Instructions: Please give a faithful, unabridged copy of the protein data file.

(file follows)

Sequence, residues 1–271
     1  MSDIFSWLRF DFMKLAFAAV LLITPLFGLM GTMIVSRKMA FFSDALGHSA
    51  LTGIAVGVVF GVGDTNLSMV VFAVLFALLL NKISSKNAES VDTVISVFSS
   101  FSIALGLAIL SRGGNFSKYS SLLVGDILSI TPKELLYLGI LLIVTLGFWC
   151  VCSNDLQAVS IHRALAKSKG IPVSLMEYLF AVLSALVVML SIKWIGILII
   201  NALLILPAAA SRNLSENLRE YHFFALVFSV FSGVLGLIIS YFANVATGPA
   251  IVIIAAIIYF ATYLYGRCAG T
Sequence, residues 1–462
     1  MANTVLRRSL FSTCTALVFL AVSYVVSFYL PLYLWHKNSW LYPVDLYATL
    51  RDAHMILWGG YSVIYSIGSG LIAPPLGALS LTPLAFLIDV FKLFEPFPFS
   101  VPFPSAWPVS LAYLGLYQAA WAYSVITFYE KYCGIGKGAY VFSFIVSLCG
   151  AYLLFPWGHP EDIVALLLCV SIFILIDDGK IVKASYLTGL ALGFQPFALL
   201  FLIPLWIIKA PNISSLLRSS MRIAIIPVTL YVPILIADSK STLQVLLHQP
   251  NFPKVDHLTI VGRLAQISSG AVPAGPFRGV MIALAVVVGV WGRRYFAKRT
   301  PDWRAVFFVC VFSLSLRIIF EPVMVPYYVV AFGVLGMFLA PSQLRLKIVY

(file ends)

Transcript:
Sequence, residues 1–271
     1  MSDIFSWLRF DFMKLAFAAV LLITPLFGLM GTMIVSRKMA FFSDALGHSA
    51  LTGIAVGVVF GVGDTNLSMV VFAVLFALLL NKISSKNAES VDTVISVFSS
   101  FSIALGLAIL SRGGNFSKYS SLLVGDILSI TPKELLYLGI LLIVTLGFWC
   151  VCSNDLQAVS IHRALAKSKG IPVSLMEYLF AVLSALVVML SIKWIGILII
   201  NALLILPAAA SRNLSENLRE YHFFALVFSV FSGVLGLIIS YFANVATGPA
   251  IVIIAAIIYF ATYLYGRCAG T
Sequence, residues 1–462
     1  MANTVLRRSL FSTCTALVFL AVSYVVSFYL PLYLWHKNSW LYPVDLYATL
    51  RDAHMILWGG YSVIYSIGSG LIAPPLGALS LTPLAFLIDV FKLFEPFPFS
   101  VPFPSAWPVS LAYLGLYQAA WAYSVITFYE KYCGIGKGAY VFSFIVSLCG
   151  AYLLFPWGHP EDIVALLLCV SIFILIDDGK IVKASYLTGL ALGFQPFALL
   201  FLIPLWIIKA PNISSLLRSS MRIAIIPVTL YVPILIADSK STLQVLLHQP
   251  NFPKVDHLTI VGRLAQISSG AVPAGPFRGV MIALAVVVGV WGRRYFAKRT
   301  PDWRAVFFVC VFSLSLRIIF EPVMVPYYVV AFGVLGMFLA PSQLRLKIVY